Credit Score Vs. Credit Report: How They’re Different, & How To Master Them

If you’re an adult living in the modern world, you’ve most likely heard of a credit score. There are many companies out there that offer your credit score to you for free each month. (If you’re not already using one, check out Credit Karma and Credit Sesame, but be careful of all the credit card offers you’ll get from them!)

But do you know what your credit report is and why it matters? Your credit score and credit report are not one in the same, but they are both very important, and they will impact your financial present and future.

If you’ve read my past article about credit scores, you know the basics for why it’s important. But I’ll reiterate why you should care about your credit score:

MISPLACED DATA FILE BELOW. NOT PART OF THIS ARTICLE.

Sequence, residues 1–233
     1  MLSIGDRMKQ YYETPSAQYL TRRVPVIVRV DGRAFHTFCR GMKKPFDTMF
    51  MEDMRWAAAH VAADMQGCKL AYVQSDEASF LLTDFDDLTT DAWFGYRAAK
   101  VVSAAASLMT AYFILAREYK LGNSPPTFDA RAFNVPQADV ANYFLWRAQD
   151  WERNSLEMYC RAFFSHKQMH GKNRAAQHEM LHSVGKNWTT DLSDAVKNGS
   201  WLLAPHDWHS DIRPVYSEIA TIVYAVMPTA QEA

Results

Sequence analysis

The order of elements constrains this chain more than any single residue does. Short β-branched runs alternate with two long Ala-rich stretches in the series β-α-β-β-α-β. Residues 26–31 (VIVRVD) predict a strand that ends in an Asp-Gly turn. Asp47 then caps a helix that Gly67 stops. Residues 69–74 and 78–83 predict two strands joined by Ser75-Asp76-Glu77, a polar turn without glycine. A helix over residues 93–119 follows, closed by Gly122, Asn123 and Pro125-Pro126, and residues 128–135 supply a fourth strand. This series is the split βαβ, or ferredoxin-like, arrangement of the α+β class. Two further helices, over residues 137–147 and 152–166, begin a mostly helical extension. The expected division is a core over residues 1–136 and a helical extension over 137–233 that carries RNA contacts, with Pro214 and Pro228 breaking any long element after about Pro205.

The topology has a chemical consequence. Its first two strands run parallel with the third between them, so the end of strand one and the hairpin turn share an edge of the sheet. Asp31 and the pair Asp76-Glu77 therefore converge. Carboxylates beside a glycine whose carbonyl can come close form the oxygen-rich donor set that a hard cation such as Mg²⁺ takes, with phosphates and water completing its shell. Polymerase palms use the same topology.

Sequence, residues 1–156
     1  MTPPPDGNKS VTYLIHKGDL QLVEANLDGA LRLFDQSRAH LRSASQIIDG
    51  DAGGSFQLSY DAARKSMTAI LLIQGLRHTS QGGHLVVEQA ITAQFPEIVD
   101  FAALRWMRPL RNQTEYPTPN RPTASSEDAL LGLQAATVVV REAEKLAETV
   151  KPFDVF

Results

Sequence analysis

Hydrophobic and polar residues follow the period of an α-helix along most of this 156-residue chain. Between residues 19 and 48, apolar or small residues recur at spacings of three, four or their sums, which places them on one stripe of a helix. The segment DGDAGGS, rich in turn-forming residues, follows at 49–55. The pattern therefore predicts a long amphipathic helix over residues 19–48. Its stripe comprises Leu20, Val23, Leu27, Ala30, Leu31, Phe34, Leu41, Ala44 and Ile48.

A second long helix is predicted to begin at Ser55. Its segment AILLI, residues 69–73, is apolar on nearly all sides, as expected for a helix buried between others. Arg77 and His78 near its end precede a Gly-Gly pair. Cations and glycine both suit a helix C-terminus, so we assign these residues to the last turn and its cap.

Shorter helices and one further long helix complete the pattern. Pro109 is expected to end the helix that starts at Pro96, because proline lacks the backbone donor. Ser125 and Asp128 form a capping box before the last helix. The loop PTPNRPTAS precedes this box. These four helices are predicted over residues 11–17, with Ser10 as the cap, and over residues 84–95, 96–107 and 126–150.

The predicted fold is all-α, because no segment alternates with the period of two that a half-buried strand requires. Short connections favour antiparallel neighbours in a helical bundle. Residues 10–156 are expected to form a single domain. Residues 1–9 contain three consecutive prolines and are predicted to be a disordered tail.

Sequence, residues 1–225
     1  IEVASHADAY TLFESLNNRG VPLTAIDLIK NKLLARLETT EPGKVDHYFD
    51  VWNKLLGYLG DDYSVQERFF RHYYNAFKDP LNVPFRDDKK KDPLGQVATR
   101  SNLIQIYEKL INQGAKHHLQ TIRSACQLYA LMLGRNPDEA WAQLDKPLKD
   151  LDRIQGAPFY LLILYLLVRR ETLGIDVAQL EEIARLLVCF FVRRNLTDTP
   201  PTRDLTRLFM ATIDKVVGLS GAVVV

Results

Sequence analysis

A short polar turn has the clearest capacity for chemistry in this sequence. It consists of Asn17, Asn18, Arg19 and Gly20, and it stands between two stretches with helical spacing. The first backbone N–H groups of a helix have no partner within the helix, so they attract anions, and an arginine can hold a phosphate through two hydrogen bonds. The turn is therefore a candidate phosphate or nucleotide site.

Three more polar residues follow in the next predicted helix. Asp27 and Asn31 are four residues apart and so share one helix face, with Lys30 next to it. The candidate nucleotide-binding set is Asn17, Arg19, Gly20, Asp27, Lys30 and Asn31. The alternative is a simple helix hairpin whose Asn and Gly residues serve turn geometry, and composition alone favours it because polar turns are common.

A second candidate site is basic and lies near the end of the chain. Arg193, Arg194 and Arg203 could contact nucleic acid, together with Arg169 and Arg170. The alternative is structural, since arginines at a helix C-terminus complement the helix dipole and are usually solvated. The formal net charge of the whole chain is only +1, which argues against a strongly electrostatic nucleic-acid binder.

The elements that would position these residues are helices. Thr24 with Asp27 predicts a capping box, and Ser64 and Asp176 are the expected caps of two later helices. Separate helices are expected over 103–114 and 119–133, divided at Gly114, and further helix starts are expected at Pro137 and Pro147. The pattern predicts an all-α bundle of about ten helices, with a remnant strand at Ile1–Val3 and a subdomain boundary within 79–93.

You should care about your credit score if you care about your future. Simply, in a lender’s eyes, the higher your credit score, the lower a risk you are to them. Depending on your credit score, the lender can decide if they consider you eligible for a loan, and it can impact the interest rates on those loans. If your credit score is high, you can luck out and get a lower interest rate, which will save you hundreds, if not thousands, in the long run.

1. Your Credit Report is a Picture of Your Financial History

Your credit report is basically a report card, but for your financial history. It will include the last 7-10 years worth of financial information associated with your name and social security number. This includes things like:

  • Name, address, birth date, and social security number (these are informational, not used against you)
  • Employment history (if it’s reported to credit bureaus)
  • Student loans and their status
  • Credit cards (both open and closed)
  • Any debts sent to collections